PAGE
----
There will also be some “fringe” events , these won’t all be in London and I’ll post about them separately (James in the Midlands, I’ve heard you :-)  )

 

This post originally appeared on my technet blog.

November 17, 2009

Making word clouds (Part 2: how to use it , and clouds from twitter).

Filed under: Music and Media,Office,Powershell — jamesone111 @ 2:04 pm

Attached to this post is a Zip file containing Twitter.ps1 the PowerShell script I use to get information from Twitter, and since the word cloud work grew out of that it has ended up in the same file.  It also contains noise.dat the list of noise words which you can customize.


If you want to use it you will need to have PowerShell V2 installed – if you are on Windows 7 or Server 2008-R2 you have it already, otherwise you need look up KB968929 and  you can download WINRM and PowerShell 2.0 for anything back to Windows XP. The code has been tried on the Beta of office 2010 and on office 2007 and should work with PowerPoint from earlier versions but hasn’t been tested.


Click for a larger versionThe first thing you need to do is to load it , any version of Windows form Vista onwards flags files which have been downloaded from the internet and PowerShell can be a bit fussy about those. I suggest that you when you have downloaded the ZIP file you right click it go to properties and click Unblock on the general page before you extract the files. Once you have extracted the files start PowerShell and you need to enter two commands 
CD [folder where you extracted the files]  


. .\twitter.ps1


note that is Dot, space, dot backslash twitter.ps1:  it won’t work without the dots.


I have included a sample file, Macbeth.txt to get you started, it is the text of… the Scottish play. So you can now type the command


Format-wordCloud Macbeth.txt


Click for a larger version PowerPoint should start in the background and it will put together your first word cloud. The text for this will be all horizontal, all default colours and fonts and all words and no phrases. The biggest text will be 80 point and the smallest 16 – if your example turns out like the first one of mine you can see that we might want to change the –maxfont and –minfont settings or the –howmany parameter to fill the space better. When it finishes the function gives a fill percentage – that is: the total space occupied by the words as a proportion of the slide area. Mine came out at just under 50% , and experience tells me not to expect more than 75% so I might increase the font size to –maxfont 100 –minfont 20 as there are plenty of words – I don’t want to fill the space with more words.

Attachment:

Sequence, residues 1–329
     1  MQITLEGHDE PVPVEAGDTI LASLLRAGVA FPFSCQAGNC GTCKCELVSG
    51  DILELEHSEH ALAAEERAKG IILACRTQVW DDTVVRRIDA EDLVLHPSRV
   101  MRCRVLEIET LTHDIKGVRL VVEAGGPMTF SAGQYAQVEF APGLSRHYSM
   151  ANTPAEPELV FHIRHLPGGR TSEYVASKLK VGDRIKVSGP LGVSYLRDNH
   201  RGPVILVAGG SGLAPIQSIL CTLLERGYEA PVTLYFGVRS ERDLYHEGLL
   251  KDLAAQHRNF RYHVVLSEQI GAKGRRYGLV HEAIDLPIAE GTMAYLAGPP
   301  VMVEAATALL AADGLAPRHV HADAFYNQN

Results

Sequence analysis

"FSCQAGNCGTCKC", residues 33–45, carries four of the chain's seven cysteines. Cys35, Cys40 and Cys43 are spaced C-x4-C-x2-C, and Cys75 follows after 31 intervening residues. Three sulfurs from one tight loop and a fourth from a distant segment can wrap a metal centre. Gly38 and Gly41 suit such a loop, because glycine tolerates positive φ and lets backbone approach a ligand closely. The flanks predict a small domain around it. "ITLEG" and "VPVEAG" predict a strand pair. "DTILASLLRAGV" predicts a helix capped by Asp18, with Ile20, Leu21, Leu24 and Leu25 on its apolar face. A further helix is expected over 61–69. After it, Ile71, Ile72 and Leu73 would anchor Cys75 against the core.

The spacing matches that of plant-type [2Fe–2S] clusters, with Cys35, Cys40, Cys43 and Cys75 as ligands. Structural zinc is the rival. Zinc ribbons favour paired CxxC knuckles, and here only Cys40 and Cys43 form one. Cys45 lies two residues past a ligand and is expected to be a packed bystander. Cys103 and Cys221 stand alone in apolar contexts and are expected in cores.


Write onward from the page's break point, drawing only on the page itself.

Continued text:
It’s not bad for a first attempt , but it has my, our, your,his, me , him , us and No too prominently, these can be taken out with the –extraNoisewords parameter,like this:


Format-wordCloud macbeth.txt -ExtraNoiseWords  my, our, your,his, me , him, us, no


We can introduce some colours – if you enter the this command it will show you what the colour selections are


$RGBSet


The colours numbers are Red + 256 * Green + 65536 * Blue , so the default is 4 black, 1 red, 1 green , 1 blue.
In addition we can make about 25% of the words appear vertical, and use a font which looks right for Shakespeare


Format-wordCloud macbeth.txt -ExtraNoiseWords  my, our, your,his, me , him -RandomVertical 0.25 -RgbSet $rgbset -fontName “Blackadder ITC”


Click for a larger version The final thing to try might be to look something on twitter. It takes several seconds to run a twitter search for the last 1500 posts (that’s the –Deep switch) so it is better to store the result, in case you want to run with a different set of parameters so let’s see what is in showing up in the F1 world today, first get the tweets , the put just their titles into the cloud.


$searchResults = Get-TwitterSearch “F1” –deep


$searchResults | Foreach {$_.title} | Format-wordCloud -phrases -RandomVertical 0.25 -RgbSet $rgbset –uniqueLines –maxfont 60


The -uniqueLines switch is there for something which I have mentioned before – the tendency of people to retweet an identical post many times – you can spot this happening when a long phrase becomes very prominent, which is often the case if a couple of news stories dominate a search, even with this in you can a few stories are repeated in slightly different forms.